Elon Musk always has something to share, even if it’s a video of past failures. In this case, it’s not exactly a video of failures, but rather, more of SpaceX’s failed attempts before finally seeing success in landing rockets. That success, however, gave the world the first fully reusable, orbit-class booster rocket.
SpaceX blooper video from Musk
In an Instagram post on Thursday, Musk released a SpaceX blooper video featuring explosions and fire caused by their failed orbital rocket booster. The rocket “eventually managed to land in one piece and stay that way…Maybe Falcon realized it still loved us or finally read the instructions…” Musk said in the post.
The 60-second SpaceX blooper video titled “How not to land an orbital rocket booster,” which is set to the Monty Python theme song, shows the company’s rockets crashing, exploding and falling over, underling how hard it has been to get them to finally land safely. The SpaceX blooper video includes captions for each of the failed attempts. Some of the reasons mentioned in the video are a sticky throttle valve, running out of hydraulic fluid, engine sensor failure, running out of liquid oxygen and more.
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In one of the clips in the SpaceX blooper video, Musk is shown inspecting the wreckage of a Falcon 9 with the caption “Rocket is fine? It’s just a scratch.” Another clip shows a fireball with the comment, “Well, technically it did land … just not in one piece.” The September 2016 launch pad explosion, which not only destroyed a Falcon 9 rocket but also the Israeli communications satellite it was carrying, was a notable omission.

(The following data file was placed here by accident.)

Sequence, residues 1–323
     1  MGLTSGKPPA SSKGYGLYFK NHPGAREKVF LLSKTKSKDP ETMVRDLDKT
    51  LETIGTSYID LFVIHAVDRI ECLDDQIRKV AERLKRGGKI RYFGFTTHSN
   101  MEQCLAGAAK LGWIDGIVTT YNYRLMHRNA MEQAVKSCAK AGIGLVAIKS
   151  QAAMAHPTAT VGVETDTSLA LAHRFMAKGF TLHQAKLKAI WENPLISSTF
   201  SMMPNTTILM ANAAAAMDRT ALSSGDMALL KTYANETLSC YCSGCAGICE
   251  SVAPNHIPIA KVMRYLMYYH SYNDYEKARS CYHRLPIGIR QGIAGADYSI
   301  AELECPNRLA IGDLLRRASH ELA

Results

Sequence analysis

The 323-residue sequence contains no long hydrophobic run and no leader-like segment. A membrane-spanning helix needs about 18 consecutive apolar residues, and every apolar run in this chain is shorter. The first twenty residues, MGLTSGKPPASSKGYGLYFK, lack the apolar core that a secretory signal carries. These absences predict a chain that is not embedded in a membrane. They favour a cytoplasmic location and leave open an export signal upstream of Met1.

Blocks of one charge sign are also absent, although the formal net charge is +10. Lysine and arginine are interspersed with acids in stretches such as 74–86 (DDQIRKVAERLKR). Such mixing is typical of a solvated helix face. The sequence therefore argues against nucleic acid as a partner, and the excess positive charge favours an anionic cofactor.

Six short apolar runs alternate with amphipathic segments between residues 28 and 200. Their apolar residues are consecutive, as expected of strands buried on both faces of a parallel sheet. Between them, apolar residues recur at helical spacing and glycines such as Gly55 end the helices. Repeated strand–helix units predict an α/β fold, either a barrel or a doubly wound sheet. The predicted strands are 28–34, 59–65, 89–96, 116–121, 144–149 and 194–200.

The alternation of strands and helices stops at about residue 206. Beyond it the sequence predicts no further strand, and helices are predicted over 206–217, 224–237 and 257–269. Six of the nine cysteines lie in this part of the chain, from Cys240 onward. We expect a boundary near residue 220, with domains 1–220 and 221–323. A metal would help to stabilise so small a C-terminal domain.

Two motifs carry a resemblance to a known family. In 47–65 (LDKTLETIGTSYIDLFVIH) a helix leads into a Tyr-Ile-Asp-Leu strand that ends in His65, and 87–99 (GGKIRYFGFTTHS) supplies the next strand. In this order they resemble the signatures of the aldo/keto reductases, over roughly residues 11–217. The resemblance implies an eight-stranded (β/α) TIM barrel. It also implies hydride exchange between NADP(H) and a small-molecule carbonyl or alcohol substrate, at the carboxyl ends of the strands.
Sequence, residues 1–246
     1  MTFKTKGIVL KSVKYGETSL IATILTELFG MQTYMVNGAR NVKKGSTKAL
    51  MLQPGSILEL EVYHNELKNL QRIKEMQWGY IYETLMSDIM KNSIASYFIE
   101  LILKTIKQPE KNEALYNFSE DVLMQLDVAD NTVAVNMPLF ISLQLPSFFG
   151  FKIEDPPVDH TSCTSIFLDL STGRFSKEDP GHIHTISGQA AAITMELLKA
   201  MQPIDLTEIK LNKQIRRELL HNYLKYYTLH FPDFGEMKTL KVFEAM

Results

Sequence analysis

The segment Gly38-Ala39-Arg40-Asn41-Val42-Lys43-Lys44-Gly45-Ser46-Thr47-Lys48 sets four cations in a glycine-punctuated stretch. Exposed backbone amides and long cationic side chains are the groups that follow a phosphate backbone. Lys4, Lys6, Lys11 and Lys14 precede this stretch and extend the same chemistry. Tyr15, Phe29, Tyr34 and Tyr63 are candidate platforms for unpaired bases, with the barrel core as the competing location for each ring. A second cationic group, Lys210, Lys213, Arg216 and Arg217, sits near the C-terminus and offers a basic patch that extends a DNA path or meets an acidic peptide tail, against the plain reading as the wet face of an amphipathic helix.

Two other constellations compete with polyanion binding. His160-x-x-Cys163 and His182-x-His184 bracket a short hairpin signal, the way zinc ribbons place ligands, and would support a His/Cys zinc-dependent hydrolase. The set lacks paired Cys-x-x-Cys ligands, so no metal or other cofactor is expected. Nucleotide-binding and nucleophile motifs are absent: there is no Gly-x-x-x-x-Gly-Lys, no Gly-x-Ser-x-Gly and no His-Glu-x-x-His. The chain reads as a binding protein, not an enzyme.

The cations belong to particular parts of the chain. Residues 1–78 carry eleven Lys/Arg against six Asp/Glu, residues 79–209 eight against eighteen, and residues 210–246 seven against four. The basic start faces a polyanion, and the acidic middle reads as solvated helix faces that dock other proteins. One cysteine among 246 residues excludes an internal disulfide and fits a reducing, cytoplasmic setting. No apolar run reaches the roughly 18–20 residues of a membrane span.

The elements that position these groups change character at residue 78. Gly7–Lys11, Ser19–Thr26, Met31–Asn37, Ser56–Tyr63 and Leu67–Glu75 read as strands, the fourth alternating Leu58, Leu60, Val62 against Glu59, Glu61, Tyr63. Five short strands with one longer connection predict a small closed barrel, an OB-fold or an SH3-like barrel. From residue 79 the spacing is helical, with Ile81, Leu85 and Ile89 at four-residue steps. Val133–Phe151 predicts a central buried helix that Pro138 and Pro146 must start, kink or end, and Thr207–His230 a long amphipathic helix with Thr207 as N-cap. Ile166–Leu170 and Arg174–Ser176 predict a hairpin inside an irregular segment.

Long road to reusabity of Falcon 9 primary boost stage…When upper stage & fairing also reusable, costs will drop by a factor >100. pic.twitter.com/WyTAQ3T9EP
— Elon Musk (@elonmusk) September 14, 2017
Like most movies, the SpaceX blooper video ends on a positive note, showing the first successful drone ship landing and first successful pad landing. In a follow-up tweet, Musk noted that this is just the start, and going ahead, the company plans to lower its costs by “a factor >100.”
Never fear failures
In a 2005 interview, Musk said, “Failure is an option here,” and, “If things are not failing, you are not innovating enough.”
This SpaceX blooper video is a good example of what Musk meant back then. Imagine if the landings were still turning into explosions; then such a video would have come from someone else, maybe even a rival. But since the hard work of the team resulted in success, Musk will surely be proud to share this journey (with a mix of humor) with fans.
SpaceX has perfected the process involving the launch of Falcon 9 rockets, putting satellites in orbit, and recovering the booster, the most important and expensive part. In November, the company plans to launch its biggest usable rocket system, the Falcon Heavy, and then follow it up with carrying NASA astronauts in 2019. A couple of weeks ago, the company revealed that it had successfully tested the first-stage booster for the Falcon Heavy.
SpaceX was founded in 2002 with the objective of colonizing Mars. It is among the few private and government ventures that aim to carry cargo and people to the Red Planet and other places beyond Earth’s atmosphere.